Tuesday, May 17, 2011

Urban Farming and Democracy

From Top Left: Kale, Spinach,Strawberries,Bush Peas
This is my third year at gardening in our backyard.  What started out as an experiment  to see how much food I could grow in a small urban space at minimum cost and effort has now grown to encompass a $450/year budget and lots of work and 'new' skillsets.  The four 10' x 18' foot triangles have become quadrangles.  The soil has has been thoroughly enriched and every year I find myself creating more elaborate "greenhouse like" structures to protect my new seedlings from wind, rain, squirrels, cats, and deer.

So is the experiment successful? Is it possible to save money on increasingly expensive food bills by engaging in urban gardening?  It sure looked like it for the first two years.  The year before last produced so many tomatoes from a dozen or so plants, we had them daily from June through November - this despite my really limited use of fertilizer. We live in the "Squalicum River Basin" so the soil is sandy and rocky but contains some loam. The second year, I used a little more fertilizer and quite a bit of peat. The results were just fine, although it was a "blight" year for tomatoes.

So this year, I really plowed in the manure and compost, added lime, some peat and worked my patches with the spade,hoe, and rake from February through March 15. Early results are somewhat promising, although this is a very wet spring!  This year, we also added six 'bare root' fruit trees from the "Bellingham Country Store" on Meridian. I've learned quite a bit by gardening like this. Here are some of my conclusion:
  • Small lots can be planted densely if cared for with detail. 
  • You can plant many different types of vegetables together.
  • They needed to be tended to daily, since animals, location, wind, and rain can be damaging.
  • Automated watering is best.
  • Some fertilizer is good. Too little or too much is not helpful.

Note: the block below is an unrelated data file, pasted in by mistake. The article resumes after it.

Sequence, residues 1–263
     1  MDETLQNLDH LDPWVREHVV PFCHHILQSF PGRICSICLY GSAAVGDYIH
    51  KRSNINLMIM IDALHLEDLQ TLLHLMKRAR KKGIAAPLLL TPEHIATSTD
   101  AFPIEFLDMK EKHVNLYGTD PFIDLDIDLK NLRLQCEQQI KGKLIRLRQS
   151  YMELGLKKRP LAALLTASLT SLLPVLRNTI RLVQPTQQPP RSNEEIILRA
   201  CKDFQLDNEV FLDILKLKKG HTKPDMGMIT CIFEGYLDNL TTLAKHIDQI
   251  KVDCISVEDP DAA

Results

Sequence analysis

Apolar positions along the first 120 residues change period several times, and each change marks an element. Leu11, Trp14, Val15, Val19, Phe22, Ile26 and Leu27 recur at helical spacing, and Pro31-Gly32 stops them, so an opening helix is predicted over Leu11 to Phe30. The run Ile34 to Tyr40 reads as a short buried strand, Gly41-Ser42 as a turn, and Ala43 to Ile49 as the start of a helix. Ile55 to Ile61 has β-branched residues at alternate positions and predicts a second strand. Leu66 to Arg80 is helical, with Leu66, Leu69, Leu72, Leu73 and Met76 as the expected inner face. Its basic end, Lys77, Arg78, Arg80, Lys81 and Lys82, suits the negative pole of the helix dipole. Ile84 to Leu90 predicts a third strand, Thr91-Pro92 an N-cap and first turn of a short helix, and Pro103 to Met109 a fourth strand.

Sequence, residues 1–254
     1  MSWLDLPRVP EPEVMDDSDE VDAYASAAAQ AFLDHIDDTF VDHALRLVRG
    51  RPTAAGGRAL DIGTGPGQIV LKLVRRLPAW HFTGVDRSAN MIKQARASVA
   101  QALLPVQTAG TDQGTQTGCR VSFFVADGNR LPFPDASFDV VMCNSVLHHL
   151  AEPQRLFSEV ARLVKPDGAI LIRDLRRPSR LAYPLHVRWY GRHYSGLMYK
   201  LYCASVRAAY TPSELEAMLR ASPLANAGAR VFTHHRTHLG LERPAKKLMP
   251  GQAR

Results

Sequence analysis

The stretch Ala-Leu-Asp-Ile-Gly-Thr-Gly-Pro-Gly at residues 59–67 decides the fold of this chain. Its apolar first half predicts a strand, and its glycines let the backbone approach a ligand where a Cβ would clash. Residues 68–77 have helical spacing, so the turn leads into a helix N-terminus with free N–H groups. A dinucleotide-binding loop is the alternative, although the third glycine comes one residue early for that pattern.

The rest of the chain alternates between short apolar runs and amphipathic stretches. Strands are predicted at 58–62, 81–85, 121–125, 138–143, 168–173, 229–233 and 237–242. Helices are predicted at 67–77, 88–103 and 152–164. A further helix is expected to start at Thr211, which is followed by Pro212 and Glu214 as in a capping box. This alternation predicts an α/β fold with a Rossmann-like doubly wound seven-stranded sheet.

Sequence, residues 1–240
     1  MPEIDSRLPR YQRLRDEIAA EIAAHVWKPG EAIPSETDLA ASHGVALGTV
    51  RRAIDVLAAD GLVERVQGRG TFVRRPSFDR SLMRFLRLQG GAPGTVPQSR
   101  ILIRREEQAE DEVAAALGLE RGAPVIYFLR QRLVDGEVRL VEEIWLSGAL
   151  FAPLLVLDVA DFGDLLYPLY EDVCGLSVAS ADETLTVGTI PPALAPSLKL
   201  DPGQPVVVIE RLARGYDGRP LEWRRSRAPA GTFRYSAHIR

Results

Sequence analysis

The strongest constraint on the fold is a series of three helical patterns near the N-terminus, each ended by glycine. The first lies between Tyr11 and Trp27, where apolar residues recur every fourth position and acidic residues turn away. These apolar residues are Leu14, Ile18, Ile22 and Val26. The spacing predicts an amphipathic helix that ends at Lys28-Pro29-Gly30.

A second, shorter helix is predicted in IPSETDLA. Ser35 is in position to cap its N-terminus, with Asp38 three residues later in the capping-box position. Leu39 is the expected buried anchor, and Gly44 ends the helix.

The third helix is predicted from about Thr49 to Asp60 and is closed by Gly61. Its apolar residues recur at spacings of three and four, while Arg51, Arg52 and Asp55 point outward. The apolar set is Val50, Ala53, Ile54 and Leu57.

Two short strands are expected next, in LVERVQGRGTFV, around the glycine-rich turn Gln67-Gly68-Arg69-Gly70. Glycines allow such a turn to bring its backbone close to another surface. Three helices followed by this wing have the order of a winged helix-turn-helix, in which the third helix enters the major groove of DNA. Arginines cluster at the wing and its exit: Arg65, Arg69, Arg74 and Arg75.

• Small mammals (squirrels and cats chiefly) can do a lot of damage to seed planted crops early on 
  • You need to cook and use your vegetables to get a good return on investment. 
  • The 49th parallel has a short and intense growing season. Lack of sun early on is an issue.
  • Fortunately, water is not so much a problem here as in drier climes. 
  • There are "start-up" costs for large scale "urban farming" (e.g. tools, hoses, plastic, stakes, etc.). These costs need to be amortizes over time for urban gardening to have a competitive ROI.
  • Gardening success is an art, but it is also an art of developing workable systems and work habits. Without attention being paid to systems analysis, urban farming is probably just an enjoyable hobby.
  • The quality of fresh picked food that you integrate into your families diet has a strong spiritual and personal reward.
  • Nothing keeps you feeling fit like a day turning over soil with a pick and shovel. 
I predict there will be a strong renaissance in urban farming and gardening.  Quick Books has shown us that our grocery/restaurant bill is our highest 'non-revolving' expense now, which was a stunner. We have invested in energy saving vehicles, heat-pumps, and conservation architecture, otherwise our combined vehicle payments, gas, maintenance would be in first place. Or perhaps our "combined household energy bill" (Electricity, Petroleum, Natural Gas). I suspect that for many of you with homes and families, this "combined household energy bill" is your largest 'non-revolving' expense and especially with petroleum currently at $4/gallon in the States.(Yea, I know. Europeans are rolling their eyes right now as they read this...) But, in truth,  most American families are being hit hard by high energy costs. We are used to very cheap energy. What most American families may not be thinking about is how much the increases in the price of diesel has increased our food bills in the last 10 years. Unfortunately, it is unlikely that such a trend will regress in favor of the consumer.

What is more likely is that most families will become expert "urban farmers", probably forming informal collectives on their block, trading conserves, fruit, jam, jellies, produce, and local gardening equipment and information. There is nothing new about this. Most of our grandparents and great-grand parents survived the depression with such efforts.  Urban farming could have quite a democratic effect.  Nothing really brings people together like shared food.  Except for maybe the experience of raising small children.  And urban farming is a fantastic activity to get the family involved in.

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